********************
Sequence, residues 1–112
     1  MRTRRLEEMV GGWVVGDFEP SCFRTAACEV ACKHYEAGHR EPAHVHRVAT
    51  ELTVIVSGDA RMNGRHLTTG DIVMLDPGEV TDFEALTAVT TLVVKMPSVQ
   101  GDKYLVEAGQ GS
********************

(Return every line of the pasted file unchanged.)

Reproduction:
Sequence, residues 1–112
     1  MRTRRLEEMV GGWVVGDFEP SCFRTAACEV ACKHYEAGHR EPAHVHRVAT
    51  ELTVIVSGDA RMNGRHLTTG DIVMLDPGEV TDFEALTAVT TLVVKMPSVQ
   101  GDKYLVEAGQ GS